The dearth of comments by women in print

How anti-women is the Guardian? This might seem an odd question for those brought up on the idea that the Guardian has always been associated with a feminist perspective, embodied in the work of Mary Stott, columnist Jill Tweedie and, in the present day, Polly Toynbee.

However, some correspondents feel that the Guardian, in print and online, doesn’t do enough to defend and promote women. “I am writing to complain about the sexism on Comment is free and the failure of the Guardian to acknowledge, or address, the lack of female commenters below the line and the predominance of anti-feminist and sexist male bloggers,” wrote one correspondent who had prepared a spreadsheet with an analysis of the gender of the commenters.

“The article, On rape, the left still doesn’t get it, of 27 December, highlights this. In the first 50 comments, ie the front page, there are 28 identifiably male and five female posters. I have included only those who have stated their gender in profiles or posts. However, unless one looks to the profile archive, the anonymous nature of posting hides this disparity. It is not obvious that there is no substantive contribution to this discussion by women. Many of the posters are habitually sexist commentators … the hostile culture women face on Comment is free must encourage their absence.”

Naomi Wolf’s article on 6 January, which argued that the women accusing men of rape should not have anonymity, brought forth this comment: “It is their fault [the Guardian]. They know this is manna from heaven to the Cif [Comment is free] mob. They are chief cheerleaders for the Daily Mail campaign against rape victims. They are providing a platform for the kind of propaganda that persuaded Dave that rape anonymity for defendants would be such a great first move for his government. And, meanwhile, the rape conviction rate stays exactly where it always was.” Her solution would be to turn off the comments on issues that traditionally attract anti-women comments, such as those that relate to “men’s rights”, and be even tougher on moderating the comments.

A regular reader of our letters page has also been counting. “Out of 12 letters published on 29 December 2010, only two were from women, of the five ‘shorts’ only one from a woman. Sadly my ongoing analysis of the letters page of the Guardian (and other thoughtful nationals) is that this is a relatively good day for women.”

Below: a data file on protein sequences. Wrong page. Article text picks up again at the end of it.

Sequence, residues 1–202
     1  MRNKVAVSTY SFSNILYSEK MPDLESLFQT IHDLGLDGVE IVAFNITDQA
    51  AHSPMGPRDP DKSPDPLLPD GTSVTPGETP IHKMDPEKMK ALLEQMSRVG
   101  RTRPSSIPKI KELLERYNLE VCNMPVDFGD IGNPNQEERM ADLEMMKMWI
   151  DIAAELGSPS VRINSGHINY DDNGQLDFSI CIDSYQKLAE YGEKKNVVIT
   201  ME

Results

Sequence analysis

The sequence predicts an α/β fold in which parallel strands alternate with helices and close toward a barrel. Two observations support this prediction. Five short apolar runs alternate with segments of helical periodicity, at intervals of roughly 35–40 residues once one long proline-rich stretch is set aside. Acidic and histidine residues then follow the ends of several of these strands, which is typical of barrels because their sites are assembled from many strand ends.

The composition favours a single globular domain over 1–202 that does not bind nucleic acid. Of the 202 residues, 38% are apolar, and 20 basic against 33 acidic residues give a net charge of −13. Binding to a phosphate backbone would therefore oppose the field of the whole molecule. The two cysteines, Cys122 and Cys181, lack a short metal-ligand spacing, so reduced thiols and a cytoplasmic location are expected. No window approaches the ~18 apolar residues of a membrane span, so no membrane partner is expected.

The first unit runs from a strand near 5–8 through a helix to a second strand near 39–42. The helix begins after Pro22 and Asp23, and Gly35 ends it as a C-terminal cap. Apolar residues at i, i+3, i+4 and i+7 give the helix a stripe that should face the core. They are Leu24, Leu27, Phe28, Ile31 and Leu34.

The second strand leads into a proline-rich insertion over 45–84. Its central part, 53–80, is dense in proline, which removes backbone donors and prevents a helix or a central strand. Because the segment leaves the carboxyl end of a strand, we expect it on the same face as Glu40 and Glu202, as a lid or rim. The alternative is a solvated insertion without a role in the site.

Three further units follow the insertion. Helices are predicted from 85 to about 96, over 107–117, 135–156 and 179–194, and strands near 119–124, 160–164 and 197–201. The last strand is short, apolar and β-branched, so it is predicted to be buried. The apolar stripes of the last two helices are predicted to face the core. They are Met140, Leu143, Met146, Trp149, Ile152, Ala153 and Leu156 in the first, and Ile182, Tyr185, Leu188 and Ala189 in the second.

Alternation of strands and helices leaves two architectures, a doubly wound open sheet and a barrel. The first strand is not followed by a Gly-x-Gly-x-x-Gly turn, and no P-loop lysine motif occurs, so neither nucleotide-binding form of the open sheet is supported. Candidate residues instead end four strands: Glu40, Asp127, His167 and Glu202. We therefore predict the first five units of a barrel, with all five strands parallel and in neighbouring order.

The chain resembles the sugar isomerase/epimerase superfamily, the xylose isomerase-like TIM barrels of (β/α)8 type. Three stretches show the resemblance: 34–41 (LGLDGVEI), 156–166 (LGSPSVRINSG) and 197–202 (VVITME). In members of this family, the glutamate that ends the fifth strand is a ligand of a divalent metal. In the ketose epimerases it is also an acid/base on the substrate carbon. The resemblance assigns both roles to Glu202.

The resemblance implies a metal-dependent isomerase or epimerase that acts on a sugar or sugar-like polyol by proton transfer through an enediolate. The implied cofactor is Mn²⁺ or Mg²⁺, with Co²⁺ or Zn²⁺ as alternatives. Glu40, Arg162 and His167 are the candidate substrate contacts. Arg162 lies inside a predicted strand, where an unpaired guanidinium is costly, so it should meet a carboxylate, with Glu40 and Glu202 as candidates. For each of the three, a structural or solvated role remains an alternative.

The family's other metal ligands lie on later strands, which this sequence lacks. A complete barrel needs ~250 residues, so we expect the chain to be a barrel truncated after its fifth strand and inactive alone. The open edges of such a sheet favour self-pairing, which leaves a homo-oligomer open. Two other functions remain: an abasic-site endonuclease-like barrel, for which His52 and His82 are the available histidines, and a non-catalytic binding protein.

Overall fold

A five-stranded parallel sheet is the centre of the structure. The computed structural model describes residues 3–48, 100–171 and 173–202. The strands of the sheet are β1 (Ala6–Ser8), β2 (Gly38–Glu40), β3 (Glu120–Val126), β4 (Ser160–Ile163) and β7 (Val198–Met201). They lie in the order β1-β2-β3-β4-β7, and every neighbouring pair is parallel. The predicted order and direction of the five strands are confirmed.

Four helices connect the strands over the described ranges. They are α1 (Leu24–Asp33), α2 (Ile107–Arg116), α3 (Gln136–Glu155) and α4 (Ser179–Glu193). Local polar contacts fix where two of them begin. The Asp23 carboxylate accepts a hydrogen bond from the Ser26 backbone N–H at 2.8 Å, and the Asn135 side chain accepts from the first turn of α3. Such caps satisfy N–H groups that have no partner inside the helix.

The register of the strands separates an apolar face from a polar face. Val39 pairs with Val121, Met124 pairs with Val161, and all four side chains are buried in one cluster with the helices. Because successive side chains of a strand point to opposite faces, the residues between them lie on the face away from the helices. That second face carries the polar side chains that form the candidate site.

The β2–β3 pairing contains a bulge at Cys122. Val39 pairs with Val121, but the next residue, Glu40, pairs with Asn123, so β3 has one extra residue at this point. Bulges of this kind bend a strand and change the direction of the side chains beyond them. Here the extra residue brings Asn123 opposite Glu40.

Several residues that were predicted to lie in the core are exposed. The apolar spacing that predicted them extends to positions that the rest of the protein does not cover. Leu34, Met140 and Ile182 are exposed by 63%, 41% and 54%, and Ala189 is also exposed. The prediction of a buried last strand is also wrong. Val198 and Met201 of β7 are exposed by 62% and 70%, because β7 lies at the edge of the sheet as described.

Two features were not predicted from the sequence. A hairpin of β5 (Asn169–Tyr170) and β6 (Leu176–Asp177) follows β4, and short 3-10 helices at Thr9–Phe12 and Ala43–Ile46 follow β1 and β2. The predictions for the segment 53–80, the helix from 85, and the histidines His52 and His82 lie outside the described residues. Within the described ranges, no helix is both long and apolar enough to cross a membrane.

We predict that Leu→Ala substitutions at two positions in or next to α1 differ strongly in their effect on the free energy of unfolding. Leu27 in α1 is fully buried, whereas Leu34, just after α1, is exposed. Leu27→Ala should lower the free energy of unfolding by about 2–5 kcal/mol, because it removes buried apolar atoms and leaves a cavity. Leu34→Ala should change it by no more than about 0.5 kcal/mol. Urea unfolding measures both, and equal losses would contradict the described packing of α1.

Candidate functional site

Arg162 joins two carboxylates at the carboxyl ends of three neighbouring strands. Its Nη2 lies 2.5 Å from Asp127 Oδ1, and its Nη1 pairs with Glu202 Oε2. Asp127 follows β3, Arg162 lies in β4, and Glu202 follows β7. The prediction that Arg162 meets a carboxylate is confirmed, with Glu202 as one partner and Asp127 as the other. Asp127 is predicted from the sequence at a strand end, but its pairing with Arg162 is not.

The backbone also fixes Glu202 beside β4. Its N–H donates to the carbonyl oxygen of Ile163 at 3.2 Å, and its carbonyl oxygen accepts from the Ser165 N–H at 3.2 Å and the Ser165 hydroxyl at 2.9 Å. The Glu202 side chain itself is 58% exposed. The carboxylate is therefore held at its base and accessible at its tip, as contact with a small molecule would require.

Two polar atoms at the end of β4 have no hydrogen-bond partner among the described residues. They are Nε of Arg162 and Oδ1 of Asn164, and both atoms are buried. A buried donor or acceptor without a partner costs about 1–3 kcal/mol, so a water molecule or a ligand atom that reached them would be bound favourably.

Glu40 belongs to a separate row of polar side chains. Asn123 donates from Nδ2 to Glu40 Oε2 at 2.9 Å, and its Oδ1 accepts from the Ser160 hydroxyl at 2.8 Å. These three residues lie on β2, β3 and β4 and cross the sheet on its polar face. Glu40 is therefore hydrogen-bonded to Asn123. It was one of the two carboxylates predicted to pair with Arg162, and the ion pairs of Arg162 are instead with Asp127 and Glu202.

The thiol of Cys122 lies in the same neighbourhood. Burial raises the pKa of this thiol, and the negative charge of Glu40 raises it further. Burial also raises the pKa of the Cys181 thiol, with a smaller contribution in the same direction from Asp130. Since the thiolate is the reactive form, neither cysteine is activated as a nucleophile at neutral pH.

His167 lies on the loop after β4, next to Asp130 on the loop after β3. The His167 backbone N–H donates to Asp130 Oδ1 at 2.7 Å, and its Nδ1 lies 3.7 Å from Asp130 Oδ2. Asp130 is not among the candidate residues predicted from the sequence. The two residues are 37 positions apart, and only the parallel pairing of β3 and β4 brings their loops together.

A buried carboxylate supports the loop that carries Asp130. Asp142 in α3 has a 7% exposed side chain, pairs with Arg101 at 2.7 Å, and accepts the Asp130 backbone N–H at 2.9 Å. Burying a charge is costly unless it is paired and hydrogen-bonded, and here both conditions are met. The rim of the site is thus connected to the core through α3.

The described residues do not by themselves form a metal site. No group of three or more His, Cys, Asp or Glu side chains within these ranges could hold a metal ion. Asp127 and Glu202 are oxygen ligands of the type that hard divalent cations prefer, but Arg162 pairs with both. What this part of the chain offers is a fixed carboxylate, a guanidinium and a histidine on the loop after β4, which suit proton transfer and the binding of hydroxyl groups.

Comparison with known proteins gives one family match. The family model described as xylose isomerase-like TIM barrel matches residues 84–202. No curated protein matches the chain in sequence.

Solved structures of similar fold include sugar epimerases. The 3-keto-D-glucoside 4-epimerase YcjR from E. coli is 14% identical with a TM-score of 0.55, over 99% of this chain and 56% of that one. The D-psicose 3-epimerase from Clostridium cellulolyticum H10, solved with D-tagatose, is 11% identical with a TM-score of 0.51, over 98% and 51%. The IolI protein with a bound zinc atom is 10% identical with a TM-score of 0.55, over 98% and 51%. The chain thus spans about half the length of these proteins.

She goes so far as to suggest that before letters are selected they should be made gender neutral so that the editor would not know whether they came from a man or woman: “Universities have gone to the expense of making exam papers gender neutral before they are marked which has, curiously at a single stroke, improved the performance of women students.”

The deputy letters editor said that he recognises there is a disparity but that there are many fewer letters written by women. He feels (and there are women who edit the letters page too) that this may be a reflection of a broader gender bias in society as a whole.

Against a traditionally male background, the editor of Cif is a woman, as are the editor of the newspaper comment pages and the overall head of comment in print and online (40% of Guardian editorial staff are women). Cif’s editor has already written that Cif is “crucially, about both the articles and the comments” and has made it a priority in her first six months in the job to improve the nature of the debates on the site.

She said it was impossible to conclusively prove the sex of commenters, which made analysis difficult. But she is committed to encouraging diversity on the site. “I want a wider range of voices, especially more women, joining the debate, both writing and reading articles, and engaging with them.”

Our community guidelines ban sexism, and sexist comments are removed as soon as moderators are aware of them. “But,” Cif’s editor says, “it can also be important and productive to engage with, debate and challenge views you disagree with, and that is what Cif is about.”

This column was originally published in the Guardian on Jan. 10, 2011.

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